Atlantic forest is a tropical forest covering the coastal region of Brazil and therefore it is characterized by humid winds coming from the sea and steep reliefs. It is composed of a variety of ecosystems because a high variety of altitudes, latitudes and therefore, climates ranging from semideciduous seasonal forests to open mountain fields and Araucaria’s forests in the south.
Although much more less known than the Amazon rainforest, the Atlantic forest has the largest diversity of angiosperms, pteridophytes and fungi in the country; with a very high level of endemism (50% of its species are exclusive) and is in a worst level of conservation. In fact until the arrival of the Europeans, it was the largest tropical forest worldwide. Today remains only 10% of its original length due to anthropogenic pressure. One of the first exploitation of this biome was the pau-brasil (Caesalpinia echinata), valued because of its wood and the red dye of its resin, that gave name to the country. Pau-Brasil was then followed by others human impacts as sugar cane and coffee cultivation and gold mining. But it was not until the twentieth century that the degradation of the environment worsened, given that the major economic and historical capitals like Sao Paulo, Rio de Janeiro and Salvador are within its domain.
However, we must be optimistic. The Atlantic Forest biome is the region with more conservation units in South America.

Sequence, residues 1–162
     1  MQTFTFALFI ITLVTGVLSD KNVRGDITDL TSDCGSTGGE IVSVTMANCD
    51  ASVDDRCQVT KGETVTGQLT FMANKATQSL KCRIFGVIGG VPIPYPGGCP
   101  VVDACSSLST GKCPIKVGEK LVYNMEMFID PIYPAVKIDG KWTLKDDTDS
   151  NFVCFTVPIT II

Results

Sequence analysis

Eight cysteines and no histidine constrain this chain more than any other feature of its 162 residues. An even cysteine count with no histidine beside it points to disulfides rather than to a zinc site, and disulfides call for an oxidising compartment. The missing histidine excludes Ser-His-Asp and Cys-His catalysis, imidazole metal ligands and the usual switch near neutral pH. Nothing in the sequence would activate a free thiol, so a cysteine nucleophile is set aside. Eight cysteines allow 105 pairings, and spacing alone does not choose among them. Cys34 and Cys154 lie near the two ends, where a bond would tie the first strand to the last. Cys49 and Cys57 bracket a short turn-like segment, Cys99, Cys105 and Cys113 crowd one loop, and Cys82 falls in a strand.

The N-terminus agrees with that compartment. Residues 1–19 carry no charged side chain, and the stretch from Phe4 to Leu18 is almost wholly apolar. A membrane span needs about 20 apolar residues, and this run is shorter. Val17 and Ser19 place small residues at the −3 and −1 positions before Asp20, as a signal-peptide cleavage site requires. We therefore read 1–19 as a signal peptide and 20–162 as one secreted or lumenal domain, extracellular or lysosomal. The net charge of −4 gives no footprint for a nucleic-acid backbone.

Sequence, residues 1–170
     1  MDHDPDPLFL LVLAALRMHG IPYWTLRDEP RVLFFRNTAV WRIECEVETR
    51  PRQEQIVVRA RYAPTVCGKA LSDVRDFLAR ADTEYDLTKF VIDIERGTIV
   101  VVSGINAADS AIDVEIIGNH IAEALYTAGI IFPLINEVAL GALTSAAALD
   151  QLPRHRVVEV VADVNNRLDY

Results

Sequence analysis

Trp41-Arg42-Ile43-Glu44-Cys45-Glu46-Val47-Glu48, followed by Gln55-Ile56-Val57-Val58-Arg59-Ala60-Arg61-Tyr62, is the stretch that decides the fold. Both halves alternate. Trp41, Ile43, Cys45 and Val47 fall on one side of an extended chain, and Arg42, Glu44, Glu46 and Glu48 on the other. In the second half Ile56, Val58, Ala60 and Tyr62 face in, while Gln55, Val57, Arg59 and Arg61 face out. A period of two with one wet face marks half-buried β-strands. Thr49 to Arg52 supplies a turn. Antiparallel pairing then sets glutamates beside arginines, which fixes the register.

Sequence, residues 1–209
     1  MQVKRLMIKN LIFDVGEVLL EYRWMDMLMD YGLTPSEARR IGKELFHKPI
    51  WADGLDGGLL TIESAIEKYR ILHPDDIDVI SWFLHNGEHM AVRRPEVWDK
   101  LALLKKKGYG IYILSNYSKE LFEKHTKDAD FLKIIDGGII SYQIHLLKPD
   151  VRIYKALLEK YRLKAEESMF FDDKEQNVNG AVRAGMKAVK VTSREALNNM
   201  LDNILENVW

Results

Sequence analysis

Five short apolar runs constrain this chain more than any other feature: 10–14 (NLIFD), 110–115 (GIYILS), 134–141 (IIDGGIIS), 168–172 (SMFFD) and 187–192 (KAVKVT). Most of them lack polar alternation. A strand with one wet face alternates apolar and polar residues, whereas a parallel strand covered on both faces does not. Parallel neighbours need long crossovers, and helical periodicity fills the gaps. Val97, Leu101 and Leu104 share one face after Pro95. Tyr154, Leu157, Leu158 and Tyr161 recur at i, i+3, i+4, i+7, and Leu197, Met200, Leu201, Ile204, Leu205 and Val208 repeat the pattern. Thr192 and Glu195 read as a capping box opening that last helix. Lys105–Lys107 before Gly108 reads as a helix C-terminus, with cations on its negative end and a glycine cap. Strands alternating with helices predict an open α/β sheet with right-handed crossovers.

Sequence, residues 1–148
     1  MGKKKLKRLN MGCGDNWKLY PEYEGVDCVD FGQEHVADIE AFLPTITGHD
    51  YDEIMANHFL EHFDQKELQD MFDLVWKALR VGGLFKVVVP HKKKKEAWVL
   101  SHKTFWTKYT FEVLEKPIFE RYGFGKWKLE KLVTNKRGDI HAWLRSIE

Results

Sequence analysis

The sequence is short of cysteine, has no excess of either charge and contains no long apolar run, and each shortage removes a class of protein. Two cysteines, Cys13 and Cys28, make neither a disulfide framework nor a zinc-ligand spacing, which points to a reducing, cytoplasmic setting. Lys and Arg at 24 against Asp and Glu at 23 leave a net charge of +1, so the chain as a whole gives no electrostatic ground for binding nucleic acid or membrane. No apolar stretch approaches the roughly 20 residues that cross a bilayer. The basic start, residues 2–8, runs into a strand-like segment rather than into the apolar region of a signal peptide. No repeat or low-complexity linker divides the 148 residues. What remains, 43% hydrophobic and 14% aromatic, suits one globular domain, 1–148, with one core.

It is the second largest biome of South American covering 22% of Brazil.
It contains a high level of endemic species and it is considered one of the global hotspots in terms of biodiversity. Containing 11,627 species of plants (of which 40% are endemic) and 200 animal species, 137 of which are threatened to extinction.
Cerrado is in interior areas of Brazil with two well marked seasons (rain and dry season) and is savannah type. It includes different types of habitats such as campo sujo, campo limpo or cerradão. It is composed of small trees with deep roots and leaves with trichomes and an undergrowth composed of sedges and grasses. Cerrado soils are sandy and nutrient-poor with reddish colors featuring the high iron content.
Vochysia and Qualea (Vochysiaceae) genera dominate the savannah landscape of the cerrado. Representatives of the Fabaceae, Clusiaceae, Sapindaceae and Apocynaceae families are also found.
It is in second position in terms of degradation in Brazil recent decades. The origin of this destruction is the development of the agricultural industry: approximately 40% of soybean crops (Brazil is the largest producer of soybeans in the world) and 70% of beef are produced in cerrado areas. Half of the cerrado biome has been destroyed in only the past 50 years. Despite this risk only 8% of its area is legally protected.
It is the only exclusively Brazilian biome and occupies 11% of the country. Its name comes from a native language of Brazil, the Tupi-Guarani and means white forest. However, this biome is the most undervalued and little known because of its aridity.
The climate of the caatinga is semi arid and soils are stony. The vegetation is steppe and savannah like and is characterized by a great adaptation to aridity (xerophyte vegetation) often prickly. The caatinga trees lose their leaves during dry season, leaving a landscape full of whitish trunks.